The Crown Jewel on Campus
Less than a mile from the beach, a train ride away from New York City and Philadelphia, and the center of the rich diversity that is the Jersey Shore, is the remarkable town of Long Branch. Residents, college students, and visitors have a multitude of resources at their disposal year-round: from the beach and Pier Village to the unique late-night vibes of Inkwell Coffeehouse.
Located in West Long Branch, Monmouth University was founded in 1933 and is prominently known for its beautiful aesthetics, superlative academics, and competitive Division One athletics. Group tours and orientations for potential students come and go year after year, and the comments are almost always about the magnificence of the historic campus. Without a blade of grass out of place, Monmouth prides itself on the integration of the old with the new. Several modern buildings have been constructed in the past few years, including Rechnitz Hall, which houses art-related studies and a spacious technologically-savvy gallery. However, the most recognizable and cherished building on campus is Wilson Hall.
Gazing at the towering structure with its Corinthian columns and statues looking down from the roof brings a sense of grandeur and dignity. The art and architecture transports visitors to another time. Built in 1929 by F.W. Woolworth Co. for a staggering $10.5 million, Wilson Hall was formerly known as the Shadow Lawn Mansion. The current designation as Wilson Hall refers to President Woodrow Wilson, who resided in the mansion for a period of time during his political campaigning. The spectacular edifice became part of the Monmouth University community in 1956. Its ingenuity and taste is derived from the vision of architects Horace Trumbauer and Julian Abele, who designed Wilson Hall with French Neoclassicism in mind.
Wilson Hall is recorded in the National Register of Historic Places and is regarded highly as a National Historic Landmark. The entrance of Wilson is grand, with a stained glass ceiling, studies embossed with gold mosaics and ornate oriental detail, and the staircase made famous by the 1982 film version of Annie. With the holiday season upon us, each floor of Wilson Hall is decorated with strings of icicle lights and traditional Christmas trees, bringing the memory of the musical numbers of Annie to life.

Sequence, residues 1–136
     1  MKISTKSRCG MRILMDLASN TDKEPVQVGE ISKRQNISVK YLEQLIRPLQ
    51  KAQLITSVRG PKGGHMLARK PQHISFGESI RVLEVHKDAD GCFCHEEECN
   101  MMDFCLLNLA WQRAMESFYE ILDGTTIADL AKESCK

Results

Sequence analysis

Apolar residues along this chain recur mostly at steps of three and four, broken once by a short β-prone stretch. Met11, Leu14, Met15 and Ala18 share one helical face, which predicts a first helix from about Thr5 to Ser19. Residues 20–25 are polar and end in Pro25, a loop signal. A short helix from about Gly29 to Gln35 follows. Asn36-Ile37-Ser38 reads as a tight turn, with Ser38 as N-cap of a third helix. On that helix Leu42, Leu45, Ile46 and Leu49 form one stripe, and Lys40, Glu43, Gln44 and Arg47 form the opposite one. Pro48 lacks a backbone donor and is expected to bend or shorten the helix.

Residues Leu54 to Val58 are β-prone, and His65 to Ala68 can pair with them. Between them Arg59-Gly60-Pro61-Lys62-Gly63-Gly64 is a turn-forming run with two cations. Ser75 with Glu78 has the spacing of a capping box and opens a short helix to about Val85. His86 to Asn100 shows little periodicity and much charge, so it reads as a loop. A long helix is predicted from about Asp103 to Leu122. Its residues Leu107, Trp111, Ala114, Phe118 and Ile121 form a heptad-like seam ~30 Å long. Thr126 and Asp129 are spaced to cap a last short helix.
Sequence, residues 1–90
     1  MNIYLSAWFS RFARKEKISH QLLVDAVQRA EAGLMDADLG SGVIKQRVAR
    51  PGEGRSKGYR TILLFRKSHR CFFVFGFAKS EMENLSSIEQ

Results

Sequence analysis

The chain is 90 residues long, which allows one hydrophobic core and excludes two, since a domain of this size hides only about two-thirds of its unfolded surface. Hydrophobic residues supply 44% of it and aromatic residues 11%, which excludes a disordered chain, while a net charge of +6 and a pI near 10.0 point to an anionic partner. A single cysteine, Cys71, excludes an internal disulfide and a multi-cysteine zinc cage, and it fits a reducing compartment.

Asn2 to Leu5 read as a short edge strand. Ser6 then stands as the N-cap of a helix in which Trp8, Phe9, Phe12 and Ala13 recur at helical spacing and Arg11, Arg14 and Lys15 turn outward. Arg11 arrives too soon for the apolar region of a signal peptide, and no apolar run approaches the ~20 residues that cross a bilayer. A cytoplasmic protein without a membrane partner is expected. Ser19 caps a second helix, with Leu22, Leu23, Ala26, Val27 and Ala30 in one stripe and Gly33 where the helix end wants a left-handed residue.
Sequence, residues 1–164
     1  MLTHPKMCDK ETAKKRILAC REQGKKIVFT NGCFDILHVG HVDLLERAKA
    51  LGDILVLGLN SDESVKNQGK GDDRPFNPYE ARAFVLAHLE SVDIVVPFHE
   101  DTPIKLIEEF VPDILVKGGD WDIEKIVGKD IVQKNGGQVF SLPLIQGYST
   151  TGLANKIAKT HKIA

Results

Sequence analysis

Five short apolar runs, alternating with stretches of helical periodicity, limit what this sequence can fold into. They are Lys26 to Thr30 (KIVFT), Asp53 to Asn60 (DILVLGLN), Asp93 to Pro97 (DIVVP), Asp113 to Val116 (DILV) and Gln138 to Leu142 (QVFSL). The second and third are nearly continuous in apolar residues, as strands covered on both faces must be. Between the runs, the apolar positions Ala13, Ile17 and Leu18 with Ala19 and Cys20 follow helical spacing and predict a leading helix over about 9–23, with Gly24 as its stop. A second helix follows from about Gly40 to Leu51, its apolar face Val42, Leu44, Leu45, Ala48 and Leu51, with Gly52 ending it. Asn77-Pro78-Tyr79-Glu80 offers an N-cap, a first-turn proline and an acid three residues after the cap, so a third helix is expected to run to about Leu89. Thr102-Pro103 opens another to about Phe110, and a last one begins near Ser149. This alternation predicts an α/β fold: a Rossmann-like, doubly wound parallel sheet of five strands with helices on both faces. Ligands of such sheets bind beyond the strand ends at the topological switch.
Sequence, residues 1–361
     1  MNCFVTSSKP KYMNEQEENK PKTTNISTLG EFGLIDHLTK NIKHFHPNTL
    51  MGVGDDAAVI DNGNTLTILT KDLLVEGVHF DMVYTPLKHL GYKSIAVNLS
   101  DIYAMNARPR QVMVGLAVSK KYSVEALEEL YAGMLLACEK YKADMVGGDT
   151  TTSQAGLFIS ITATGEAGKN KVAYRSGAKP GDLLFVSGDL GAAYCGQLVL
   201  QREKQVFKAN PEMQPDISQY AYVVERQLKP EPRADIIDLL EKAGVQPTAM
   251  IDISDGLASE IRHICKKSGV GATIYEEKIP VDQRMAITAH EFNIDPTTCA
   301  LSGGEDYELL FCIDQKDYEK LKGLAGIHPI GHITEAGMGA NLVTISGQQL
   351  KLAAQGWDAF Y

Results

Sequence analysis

On a bright day the courtyard is a breathtaking site, featuring romantic stairways leading to rows of arches and fountains. The ornate architecture alone makes Wilson Hall a favorable destination for exclusive events and wedding photographs.
In April of 2015, Monmouth University will be home to one of the Jersey Shore’s most anticipated events, the TEDxNavesink conference. The conference, part of an international organization known for its philosophy of the spreading of ideas, will be held on Saturday, April 11 in the University’s Pollak Theater. The theme of this year’s TEDxNavesink conference is ‘Accelerators,’ which focuses on agents of change and innovation.
The Pollak Theater houses around 700 people. It is a roomy and effective space for live talks, with emphasis on independently organized technology, entertainment, and design. In addition to housing conferences, musical and aesthetic performances, Pollak is also home to a full art gallery, box office, and extra classrooms and a brisk walk from Wilson Hall.
After a day spent full of enriching TEDxNavesink talks, a reception will follow at historic Wilson Hall. This is a special treat and a chance for the audience, organizers, and speakers alike to mingle, share thoughts and experiences of Accelerators in their own lives, as well as absorb the surrounding art and architecture. Monmouth’s philosophy, Where Leaders Look Forward, seamlessly meshes with the visionary ideals of TEDxNavesink, ultimately making Monmouth University the perfect backdrop to convey the spirit of TEDx and the unique intellectualism and versatility of the cherished Jersey Shore.
Tickets to TEDxNavesink on April 11, 2015 are on sale now.